Tag Archives: Holy War

Joan of Arc’s Holy War

Above Image: Dante Gabriel Rossetti (1828-82)- Jehane le Pucelle. Source: Wikimedia

The following selection of text was cut from an early draft of Chapter 3, “Holy Wars in Defense of the Sacred,” in the forthcoming book (expected March 2021) Sanctified Violence: Holy War in World History. Rather than discarding it, the authors, Alfred J. Andrea, emeritus professor of history at the University of Vermont, and Andrew Holt, professor of history at Florida State College at Jacksonville, wanted to make it available here. The book, aimed primarily at a student readership, explores the various types of wars waged in the name of religion that have occurred around the world over the past 5,000 years. It will be offered by Hackett Publishing as part of their Critical Themes in World History Series. Please see more information about the project below.

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Buddhist Holy Warriors in Modern Tibet

While working on a book (Sanctified Violence: Holy War in World History) for Hackett Publishing that considers holy war in a broader world history context (co-authored with my friend and senior historian Alfred J. Andrea), I have spent the last year considering considering the various modes and types of holy war that have taken place within different faith traditions. Professor Andrea, as the former head of the World History Association and a leading world historian, has been a wonderful guide in directing me to important readings in areas beyond my normal research focus (Christian and Islamic holy war).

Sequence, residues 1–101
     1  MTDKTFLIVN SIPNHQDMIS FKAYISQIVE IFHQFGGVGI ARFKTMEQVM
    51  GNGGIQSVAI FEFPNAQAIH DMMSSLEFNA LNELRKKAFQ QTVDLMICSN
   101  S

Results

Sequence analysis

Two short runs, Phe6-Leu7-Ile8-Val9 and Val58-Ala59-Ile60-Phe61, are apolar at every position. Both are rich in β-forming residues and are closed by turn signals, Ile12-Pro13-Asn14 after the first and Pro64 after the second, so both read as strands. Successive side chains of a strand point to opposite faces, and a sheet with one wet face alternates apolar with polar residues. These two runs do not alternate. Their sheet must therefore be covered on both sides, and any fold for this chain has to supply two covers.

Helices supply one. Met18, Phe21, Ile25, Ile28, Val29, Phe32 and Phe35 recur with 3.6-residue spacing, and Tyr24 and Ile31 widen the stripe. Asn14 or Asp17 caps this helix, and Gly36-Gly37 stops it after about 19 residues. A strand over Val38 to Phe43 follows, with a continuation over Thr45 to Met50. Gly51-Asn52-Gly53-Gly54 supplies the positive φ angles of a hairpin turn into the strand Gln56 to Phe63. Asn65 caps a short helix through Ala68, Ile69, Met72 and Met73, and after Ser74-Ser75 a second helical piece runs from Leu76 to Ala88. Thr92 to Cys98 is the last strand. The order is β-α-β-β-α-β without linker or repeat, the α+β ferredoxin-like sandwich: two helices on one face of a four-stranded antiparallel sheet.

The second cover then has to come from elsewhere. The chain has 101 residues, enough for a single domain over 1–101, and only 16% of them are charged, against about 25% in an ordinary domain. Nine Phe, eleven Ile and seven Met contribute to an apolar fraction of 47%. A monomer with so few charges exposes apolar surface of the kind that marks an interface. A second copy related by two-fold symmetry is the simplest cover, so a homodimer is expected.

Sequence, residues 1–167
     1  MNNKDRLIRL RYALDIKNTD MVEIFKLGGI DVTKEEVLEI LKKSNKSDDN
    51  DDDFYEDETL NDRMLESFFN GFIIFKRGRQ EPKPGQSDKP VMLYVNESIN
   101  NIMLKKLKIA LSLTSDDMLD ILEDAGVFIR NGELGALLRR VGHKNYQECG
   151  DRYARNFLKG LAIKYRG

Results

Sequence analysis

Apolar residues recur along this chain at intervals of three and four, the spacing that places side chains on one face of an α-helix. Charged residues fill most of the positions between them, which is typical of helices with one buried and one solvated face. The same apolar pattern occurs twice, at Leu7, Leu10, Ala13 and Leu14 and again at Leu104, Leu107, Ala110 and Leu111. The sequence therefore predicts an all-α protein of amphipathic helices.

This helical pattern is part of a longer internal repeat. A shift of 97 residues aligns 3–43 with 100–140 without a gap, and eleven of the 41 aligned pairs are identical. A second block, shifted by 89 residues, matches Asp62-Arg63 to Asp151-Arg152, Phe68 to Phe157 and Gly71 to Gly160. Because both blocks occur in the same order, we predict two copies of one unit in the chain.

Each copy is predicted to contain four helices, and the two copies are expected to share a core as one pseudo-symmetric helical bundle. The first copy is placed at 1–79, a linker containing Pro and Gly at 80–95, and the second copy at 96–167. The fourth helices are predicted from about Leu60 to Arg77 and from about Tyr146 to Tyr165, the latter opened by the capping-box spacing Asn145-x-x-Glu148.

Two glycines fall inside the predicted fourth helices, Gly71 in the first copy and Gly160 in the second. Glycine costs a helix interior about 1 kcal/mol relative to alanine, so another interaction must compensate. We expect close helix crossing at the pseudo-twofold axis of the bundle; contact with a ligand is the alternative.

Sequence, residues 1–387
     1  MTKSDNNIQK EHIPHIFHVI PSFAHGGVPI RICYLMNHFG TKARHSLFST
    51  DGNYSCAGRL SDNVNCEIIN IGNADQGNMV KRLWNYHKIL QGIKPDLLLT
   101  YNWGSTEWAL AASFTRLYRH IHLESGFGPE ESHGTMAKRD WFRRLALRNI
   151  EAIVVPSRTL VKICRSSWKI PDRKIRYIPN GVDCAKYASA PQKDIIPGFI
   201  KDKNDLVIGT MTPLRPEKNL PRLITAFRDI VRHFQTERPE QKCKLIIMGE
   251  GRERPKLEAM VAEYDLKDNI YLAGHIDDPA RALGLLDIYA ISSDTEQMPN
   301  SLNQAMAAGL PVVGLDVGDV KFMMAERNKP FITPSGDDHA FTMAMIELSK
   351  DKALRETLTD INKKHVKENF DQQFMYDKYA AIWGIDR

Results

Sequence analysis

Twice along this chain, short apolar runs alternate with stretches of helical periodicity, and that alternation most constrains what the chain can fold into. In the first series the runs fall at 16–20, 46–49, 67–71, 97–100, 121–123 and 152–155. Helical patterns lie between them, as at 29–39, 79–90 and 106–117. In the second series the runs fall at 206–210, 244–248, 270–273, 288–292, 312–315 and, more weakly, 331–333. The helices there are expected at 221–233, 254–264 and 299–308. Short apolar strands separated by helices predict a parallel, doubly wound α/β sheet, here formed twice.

Two books I have read recently that may appeal to some of you who are interested in the broader topic of holy war are Sorrow Mountain: The Journey of a Tibetan Warrior Nun and Buddha’s Warriors: The Story of the CIA Backed Tibetan Freedom Fighters, the Chinese Invasion, and the Ultimate Fall of Tibet (both pictured above). Continue reading